saint. When Christ was upon earth, his beauty was hidden. "He has no form or
loveliness;" the light of the divine nature was hidden in the dark lantern
of the human; it was hidden under reproaches, sufferings; yet even at that
time there was enough of beauty in Christ to delight the heart of God. "My
Elect in whom my soul delights." His veil was then upon his face; but what
will it be when the veil shall be taken off, and he shall appear in all his
embroidery! It is heaven enough—to see Christ. "Whom have I in heaven but
you!" Angels and archangels do not make heaven. Christ is the most
sparkling diamond in the ring of glory!
2. The Second Privilege of being with Christ—UNION.
We shall enter into a marriage union with Christ. We shall so
behold him, as to be made one with him. What nearer than union? what
sweeter? Union is the spring of joy, the ground of privilege; by virtue of
this blessed union with Christ, all those rare beauties with which the human
nature of the Lord Jesus is bespangled, shall be ours. Let us compare two
scriptures: John 17:24, "Father, I will that they also whom you have given
me, be with me where I am, that they may behold my glory." That is, the
glory of the human nature. But this is not all, verse 22, "The glory that
you have given me, I have given them." Christ has not his glory only for
himself—but for us; we shall shine by his beams. Here on earth, Christ puts
his graces upon his spouse, and in heaven he will put his glory
No wonder then the king's daughter is "all glorious
within," and "her clothing of wrought gold." How glorious will the spouse
be, when she has Christ's jewels upon her! Judge not of the saints by what
they are—but by what they shall be. "It does not yet appear
what we shall be," 1 John 3:1. Why, what shall we be? "We shall be like
him." The spouse of Christ shall not only be made one with Christ—but she
shall be made like Christ; in other marriages, the spouse changes her
condition—but here she changes her complexion! Not that the saints in glory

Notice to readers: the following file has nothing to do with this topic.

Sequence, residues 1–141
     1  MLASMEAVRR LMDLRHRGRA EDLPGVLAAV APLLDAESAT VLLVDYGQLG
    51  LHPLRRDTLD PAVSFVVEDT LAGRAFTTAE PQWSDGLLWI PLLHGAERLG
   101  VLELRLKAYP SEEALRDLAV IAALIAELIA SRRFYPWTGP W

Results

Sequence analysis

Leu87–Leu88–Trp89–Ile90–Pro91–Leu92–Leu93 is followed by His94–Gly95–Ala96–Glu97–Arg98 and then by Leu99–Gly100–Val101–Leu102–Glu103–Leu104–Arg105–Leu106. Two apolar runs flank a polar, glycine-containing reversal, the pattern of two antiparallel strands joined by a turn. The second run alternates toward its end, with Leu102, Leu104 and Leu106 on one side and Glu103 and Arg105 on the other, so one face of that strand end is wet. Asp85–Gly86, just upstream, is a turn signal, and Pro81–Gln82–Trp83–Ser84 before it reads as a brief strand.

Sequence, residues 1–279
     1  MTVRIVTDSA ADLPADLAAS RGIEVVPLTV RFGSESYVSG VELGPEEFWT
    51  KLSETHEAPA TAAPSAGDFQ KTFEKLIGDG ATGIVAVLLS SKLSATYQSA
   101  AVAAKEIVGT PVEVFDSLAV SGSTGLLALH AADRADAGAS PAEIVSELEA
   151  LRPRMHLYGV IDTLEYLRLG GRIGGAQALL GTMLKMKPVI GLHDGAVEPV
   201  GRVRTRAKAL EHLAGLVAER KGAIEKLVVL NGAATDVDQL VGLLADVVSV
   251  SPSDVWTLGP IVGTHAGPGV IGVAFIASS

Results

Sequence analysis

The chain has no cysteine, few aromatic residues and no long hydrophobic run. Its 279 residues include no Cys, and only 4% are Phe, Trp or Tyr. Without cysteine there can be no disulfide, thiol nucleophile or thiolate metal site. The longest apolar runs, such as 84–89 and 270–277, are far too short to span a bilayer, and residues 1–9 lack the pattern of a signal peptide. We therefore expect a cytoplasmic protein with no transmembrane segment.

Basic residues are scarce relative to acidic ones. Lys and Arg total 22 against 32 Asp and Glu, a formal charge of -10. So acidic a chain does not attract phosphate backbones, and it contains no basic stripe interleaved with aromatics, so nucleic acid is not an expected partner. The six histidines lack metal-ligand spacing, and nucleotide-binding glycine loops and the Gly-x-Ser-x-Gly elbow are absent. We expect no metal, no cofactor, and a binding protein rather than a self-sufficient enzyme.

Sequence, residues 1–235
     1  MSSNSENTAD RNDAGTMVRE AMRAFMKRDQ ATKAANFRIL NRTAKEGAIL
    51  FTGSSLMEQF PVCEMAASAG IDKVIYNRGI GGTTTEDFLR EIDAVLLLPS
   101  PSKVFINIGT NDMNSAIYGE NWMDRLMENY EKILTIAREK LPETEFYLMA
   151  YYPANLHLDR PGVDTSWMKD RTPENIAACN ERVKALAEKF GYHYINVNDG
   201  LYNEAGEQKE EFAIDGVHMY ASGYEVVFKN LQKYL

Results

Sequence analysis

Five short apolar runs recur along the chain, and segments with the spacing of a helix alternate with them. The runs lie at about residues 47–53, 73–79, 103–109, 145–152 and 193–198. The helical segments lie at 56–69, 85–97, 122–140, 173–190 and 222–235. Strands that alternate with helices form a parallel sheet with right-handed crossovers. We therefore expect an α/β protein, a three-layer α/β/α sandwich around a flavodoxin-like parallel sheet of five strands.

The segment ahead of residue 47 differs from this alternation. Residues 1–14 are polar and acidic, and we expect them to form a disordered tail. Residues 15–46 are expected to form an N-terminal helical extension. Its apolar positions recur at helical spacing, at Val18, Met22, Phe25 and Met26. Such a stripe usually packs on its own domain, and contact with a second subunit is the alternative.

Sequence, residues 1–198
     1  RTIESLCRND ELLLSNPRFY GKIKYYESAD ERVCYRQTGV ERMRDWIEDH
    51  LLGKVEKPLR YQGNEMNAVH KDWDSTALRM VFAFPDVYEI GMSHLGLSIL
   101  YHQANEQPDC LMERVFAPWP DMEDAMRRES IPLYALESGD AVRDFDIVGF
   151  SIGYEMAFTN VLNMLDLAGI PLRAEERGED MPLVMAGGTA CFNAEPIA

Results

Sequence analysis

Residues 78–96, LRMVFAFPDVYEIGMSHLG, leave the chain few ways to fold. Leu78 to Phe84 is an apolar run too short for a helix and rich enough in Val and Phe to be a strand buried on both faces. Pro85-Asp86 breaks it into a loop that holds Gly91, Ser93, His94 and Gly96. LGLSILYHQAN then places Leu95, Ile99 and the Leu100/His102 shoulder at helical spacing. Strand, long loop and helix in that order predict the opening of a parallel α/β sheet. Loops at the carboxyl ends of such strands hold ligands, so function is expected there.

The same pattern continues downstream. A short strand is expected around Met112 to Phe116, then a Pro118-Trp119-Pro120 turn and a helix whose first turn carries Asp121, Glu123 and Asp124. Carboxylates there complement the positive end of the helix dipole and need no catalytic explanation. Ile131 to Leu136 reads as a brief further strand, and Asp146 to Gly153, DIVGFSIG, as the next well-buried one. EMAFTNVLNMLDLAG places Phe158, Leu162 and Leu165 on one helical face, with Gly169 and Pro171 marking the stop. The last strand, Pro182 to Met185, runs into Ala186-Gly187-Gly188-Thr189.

shall receive of Christ's essence, they shall have as much glory as the
human nature is capable of; though Christ conveys his image—yet not
his essence. The sun shining upon a glass leaves a print of its
beauty there; and it is hard to distinguish between the glass and the
sunbeam: but the glass is not the beam, the sun conveys only its likeness,
not its essence.
3. The Third Privilege of being with Christ—NOBILITY.
This consists in two things.
1. The saints shall sit with Jesus Christ when he judges
the world. "Know you not, that the saints shall judge the world?"
The saints shall sit with Christ in judicature, as the justices of peace
with the judge. The saints are Christ's assessors; they shall be with him
upon the bench, applauding his righteous sentence. O what a glorious
tribunal will that be! Here on earth, the world judges the saints—but there
the saints shall judge the world.
2. They shall sit nearer the throne than the angels.
The angels are noble and sublime spirits—but by virtue of our
marriage union, we shall be ennobled with greater honor than the angels! The
angels are Christ's friends—but not his spouse! This honor
have all his saints. As the saints' robes in glory shall be brighter than
the angels: theirs being only the righteousness of creatures—but these
having upon them the righteousness of God, so their dignity shall be
greater. Here on earth, we are prisoners at bar—but there favorites at
court! The saints shall sit down in glory above the angels.
4. The Fourth Privilege of being with Christ—JOY.
This joy of the saints proceeds from union; when our union with
Christ is perfect, then our joy shall be full. Rev. 21:4, "And God shall
wipe away all tears, and there shall be no more sorrow."
1. There shall be no WEEPING. Jesus Christ has
provided a handkerchief to wipe off the tears of the saints. Here on earth,
the spouse is in sable, it being a time of absence from her husband. But in